Lot 1482: Springfield Armory U.S. - 1892
|Extremely Rare Martially Inspected U.S. Springfield 1892 Dated .30 Caliber Experimental Trapdoor Rifle Number "I"|
|Estimated Price: $25,000 - $40,000|
|Serial #||Manufacturer||Springfield Armory U.S.||Model||1892|
|Type||Carbine||Gauge||30 ARMY (30-40)||Catalog Page||205|
|Barrel||32 1/2 Inch Round||Finish||Blue||Grip|
|Description||This is a fabulous example of a super rare, like new experimental Trapdoor rifle as manufactured by Springfield Armory for the experimental testing and development of a new .30 Caliber (30-40) smokeless powder cartridge. These rifles were extensively written up on pages 199-212, in the excellent book "The 45-70 Springfield" by Frasca & Hill. To understand the world climate, during the early 1880s, several countries were on the verge of developing a new, high velocity cartridge using a small lighter weight bullet with new improved "smokeless powders". Consequently not to be left behind, the Chief of the U.S. Ordnance, charged Frankfurt Arsenal and Springfield Armory for the development of a new magazine rifle using a cartridge with this new smokeless powder. The test rifle that was chosen was the standard U.S. Model 1873 Trapdoor rifle, however it was deemed too weak to handle the pressures generated by a new cartridge. Consequently Springfield embarked on a massive redesign of the receiver to accommodate this development work. It is estimated that only 45 of these rifles were ever produced in total with an additional 20 different barrels manufactured with varying designs and barrel steels. Many or all of these rifles and barrels were either consumed in testing or cannibalized after the initial work was completed, or just destroyed. These tests ran from 1890 to as late as 1895, with most work being done in the 1891/92 time frame. These rifles were all considered as experimental models and went through numerous design and engineering changes to be able to accommodate the new improved high velocity, smokeless powder cartridges, with each rifle in some instances being somewhat different. Since they were all experimental, they were never serial numbered, but instead were tracked by a small capital letter stamped on top of the rear of the barrel. The letters ran from "A through T" which was mentioned in an 1894 report to the Chief of Ordnance. This rifle is numbered letter "I" and is in original condition. Our assumption is that this rifle was set aside for some reason and was never tested. Some of the unique features of this rifle that validate it as original are as follows: 1) original .30 caliber barrel, numbered "I" as noted with the later Krag rifle style front sight, 2) original short top handguard, measuring approximately 5 3/8 inches with the double handguard clips on the underside, 3) short 1884 Buffington rear sight with no markings on top, 4) original unmarked, No-Arch, reinforced, breechblock with the positive cam/locking latch, small tip firing pin, (interestingly the breech block is numbered "A" on the underside with the assembly makings of a letter "G" on the positive cam/ratchet mechanism along with the screws that held this mechanism in the breechblock), 5) it has the new redesigned extractor intended for the new rimmed cartridge, 6) the correct, reinforced straight sided receiver that measures 1 1/8 inch across the width of the receiver, with side walls, that measures approximately 1/4 inch thick on each side, with the matching positive cam/locking latch cutout, 7) completely new/redesigned one-piece trigger guard with the long swivel on the upper front edge of the trigger guard bow and last, 8) it has the new redesigned/manufactured stock intended for the smaller diameter barrel with the short wrist that is stamped with a boxed "SWP/1892" cartouche on the left side with an additional set of Springfield Armory inspector initials of "R.D.R" and the circled script "P" proof behind the trigger guard. This is just a beautiful, all original and unaltered experimental trapdoor rifle circa 1892 chambered in the desirable .30 caliber cartridge. This entire experiment proved to be a futile effort on the part of the Chief of the Ordnance Board, as the old trapdoor design was no match for the new improved "bolt action" rifles. Currently there are only nine rifles still identified in existence with four of them in museums and five in private collections. Truly these rare rifles are a direct link between the old black powder cartridge and the smokeless powder cartridges. This rifle comes with a letter from Springfield Research, dated 1985 that provided copies of a letter from Colonel Buffington to the Chief of Ordnance USA, (dated June 1882), describing the accuracy and shooting attributes of these rifles along with old targeting records. The SRS letter also validates this rifle as one of the original test rifles used for testing with these new bayonets, and to its rarity.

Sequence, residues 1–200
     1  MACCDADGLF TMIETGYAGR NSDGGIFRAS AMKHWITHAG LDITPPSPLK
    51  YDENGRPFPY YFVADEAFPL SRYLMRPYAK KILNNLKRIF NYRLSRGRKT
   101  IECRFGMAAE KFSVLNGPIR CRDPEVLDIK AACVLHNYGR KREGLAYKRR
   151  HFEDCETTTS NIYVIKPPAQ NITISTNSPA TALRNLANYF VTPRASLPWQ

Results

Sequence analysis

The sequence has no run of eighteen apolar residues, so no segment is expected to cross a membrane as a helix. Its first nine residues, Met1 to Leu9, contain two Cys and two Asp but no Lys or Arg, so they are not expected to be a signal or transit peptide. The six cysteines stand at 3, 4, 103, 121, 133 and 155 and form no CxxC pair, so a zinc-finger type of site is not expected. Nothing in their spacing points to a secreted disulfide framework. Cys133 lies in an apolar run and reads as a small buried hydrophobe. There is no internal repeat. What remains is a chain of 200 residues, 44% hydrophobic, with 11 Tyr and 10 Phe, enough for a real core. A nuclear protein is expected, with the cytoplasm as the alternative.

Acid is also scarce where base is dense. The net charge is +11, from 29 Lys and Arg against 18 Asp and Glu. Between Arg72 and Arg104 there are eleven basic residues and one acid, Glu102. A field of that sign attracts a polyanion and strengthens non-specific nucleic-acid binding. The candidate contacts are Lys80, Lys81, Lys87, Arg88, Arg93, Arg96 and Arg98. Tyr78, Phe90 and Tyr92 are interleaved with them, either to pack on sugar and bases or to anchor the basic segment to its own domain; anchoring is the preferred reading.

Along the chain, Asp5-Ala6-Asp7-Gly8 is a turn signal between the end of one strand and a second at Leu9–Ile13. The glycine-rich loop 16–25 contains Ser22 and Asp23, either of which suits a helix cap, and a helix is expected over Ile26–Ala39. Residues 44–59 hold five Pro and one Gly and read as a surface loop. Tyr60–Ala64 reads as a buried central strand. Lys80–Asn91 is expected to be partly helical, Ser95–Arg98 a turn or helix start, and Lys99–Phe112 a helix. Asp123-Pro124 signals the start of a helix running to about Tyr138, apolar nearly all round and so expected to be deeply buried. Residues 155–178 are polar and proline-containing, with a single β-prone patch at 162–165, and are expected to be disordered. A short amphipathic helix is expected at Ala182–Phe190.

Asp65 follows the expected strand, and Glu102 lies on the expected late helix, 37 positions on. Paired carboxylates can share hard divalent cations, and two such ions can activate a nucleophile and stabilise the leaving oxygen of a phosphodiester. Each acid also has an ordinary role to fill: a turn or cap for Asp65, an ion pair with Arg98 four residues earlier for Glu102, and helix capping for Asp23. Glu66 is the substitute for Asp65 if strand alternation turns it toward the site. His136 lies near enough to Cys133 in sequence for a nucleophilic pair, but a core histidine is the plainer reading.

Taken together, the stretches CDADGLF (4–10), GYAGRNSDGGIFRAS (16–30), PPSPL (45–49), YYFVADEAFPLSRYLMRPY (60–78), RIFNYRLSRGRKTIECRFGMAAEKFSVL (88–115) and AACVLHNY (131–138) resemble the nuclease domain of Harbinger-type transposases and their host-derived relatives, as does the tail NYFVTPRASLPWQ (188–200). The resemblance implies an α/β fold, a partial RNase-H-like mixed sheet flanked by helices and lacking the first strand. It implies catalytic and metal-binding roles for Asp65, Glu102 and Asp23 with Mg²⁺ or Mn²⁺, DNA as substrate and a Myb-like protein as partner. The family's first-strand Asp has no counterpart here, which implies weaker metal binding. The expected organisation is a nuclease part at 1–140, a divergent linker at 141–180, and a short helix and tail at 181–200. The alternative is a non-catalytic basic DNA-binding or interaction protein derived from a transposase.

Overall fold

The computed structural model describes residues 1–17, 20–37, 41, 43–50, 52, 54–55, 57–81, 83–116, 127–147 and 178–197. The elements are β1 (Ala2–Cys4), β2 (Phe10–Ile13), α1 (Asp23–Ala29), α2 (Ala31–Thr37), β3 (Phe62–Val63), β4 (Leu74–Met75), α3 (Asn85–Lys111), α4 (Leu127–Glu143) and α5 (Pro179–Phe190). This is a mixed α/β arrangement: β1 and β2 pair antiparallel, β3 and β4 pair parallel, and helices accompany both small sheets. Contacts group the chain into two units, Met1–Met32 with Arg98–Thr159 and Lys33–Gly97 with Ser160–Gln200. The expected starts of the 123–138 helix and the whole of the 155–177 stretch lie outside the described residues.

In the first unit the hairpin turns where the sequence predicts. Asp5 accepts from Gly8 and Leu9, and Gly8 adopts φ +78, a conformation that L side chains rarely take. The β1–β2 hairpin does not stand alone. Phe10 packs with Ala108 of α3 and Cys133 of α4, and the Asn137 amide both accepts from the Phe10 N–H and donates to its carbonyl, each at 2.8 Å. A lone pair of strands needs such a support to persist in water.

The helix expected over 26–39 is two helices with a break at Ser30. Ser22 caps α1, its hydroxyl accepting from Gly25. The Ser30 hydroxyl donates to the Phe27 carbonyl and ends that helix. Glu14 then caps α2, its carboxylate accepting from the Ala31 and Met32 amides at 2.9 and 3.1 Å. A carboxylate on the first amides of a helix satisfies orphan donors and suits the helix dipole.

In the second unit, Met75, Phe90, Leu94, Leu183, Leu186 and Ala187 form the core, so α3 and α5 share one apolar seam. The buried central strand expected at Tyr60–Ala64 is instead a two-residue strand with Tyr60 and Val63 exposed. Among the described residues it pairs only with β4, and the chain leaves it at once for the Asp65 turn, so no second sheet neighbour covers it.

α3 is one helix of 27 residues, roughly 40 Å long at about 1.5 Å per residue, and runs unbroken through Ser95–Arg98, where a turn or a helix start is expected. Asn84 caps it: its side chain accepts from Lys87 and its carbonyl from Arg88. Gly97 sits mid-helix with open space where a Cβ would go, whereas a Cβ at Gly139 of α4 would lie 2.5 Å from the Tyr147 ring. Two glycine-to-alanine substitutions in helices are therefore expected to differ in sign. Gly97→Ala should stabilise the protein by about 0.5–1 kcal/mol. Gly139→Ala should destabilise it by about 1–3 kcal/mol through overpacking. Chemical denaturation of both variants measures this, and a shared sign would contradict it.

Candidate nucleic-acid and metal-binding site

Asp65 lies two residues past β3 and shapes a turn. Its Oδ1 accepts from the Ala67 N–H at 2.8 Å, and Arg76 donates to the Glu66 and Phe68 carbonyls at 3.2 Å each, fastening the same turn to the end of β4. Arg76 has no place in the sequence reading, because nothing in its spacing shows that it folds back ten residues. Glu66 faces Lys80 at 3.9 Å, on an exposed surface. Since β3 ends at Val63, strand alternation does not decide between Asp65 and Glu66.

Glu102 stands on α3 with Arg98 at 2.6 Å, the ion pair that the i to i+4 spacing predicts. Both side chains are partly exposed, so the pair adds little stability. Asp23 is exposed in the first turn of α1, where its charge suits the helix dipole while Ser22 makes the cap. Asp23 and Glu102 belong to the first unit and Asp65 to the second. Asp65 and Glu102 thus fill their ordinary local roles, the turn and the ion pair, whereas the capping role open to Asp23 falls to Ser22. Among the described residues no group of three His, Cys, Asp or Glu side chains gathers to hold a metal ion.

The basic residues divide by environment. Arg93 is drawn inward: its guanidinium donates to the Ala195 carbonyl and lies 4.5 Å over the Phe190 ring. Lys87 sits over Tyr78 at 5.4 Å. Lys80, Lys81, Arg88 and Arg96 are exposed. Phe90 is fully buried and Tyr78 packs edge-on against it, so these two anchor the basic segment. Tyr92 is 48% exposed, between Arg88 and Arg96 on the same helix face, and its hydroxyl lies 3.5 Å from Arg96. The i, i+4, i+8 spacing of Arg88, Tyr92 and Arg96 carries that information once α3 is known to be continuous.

|Condition||Excellent with 97% of the original Springfield Armory rust blue finish overall with some areas having an old, light coating of dried grease. The breechblock and breech plug retain 75% of their original case colors mostly in the protected areas with the exposed metal showing a faded/mottled case colors. The stock and short handguard are both in new condition with a nice original deep dark brown oil finish with a sharp cartouche on the left side. The only negative features is that there are a few minor handling marks on the sides with a small old repair on the right lower rear side in front of the buttplate with some old small vise marks towards the rear center section of the buttstock on each side. Notwithstanding these areas it is remarkable that this rifle still even exists.|
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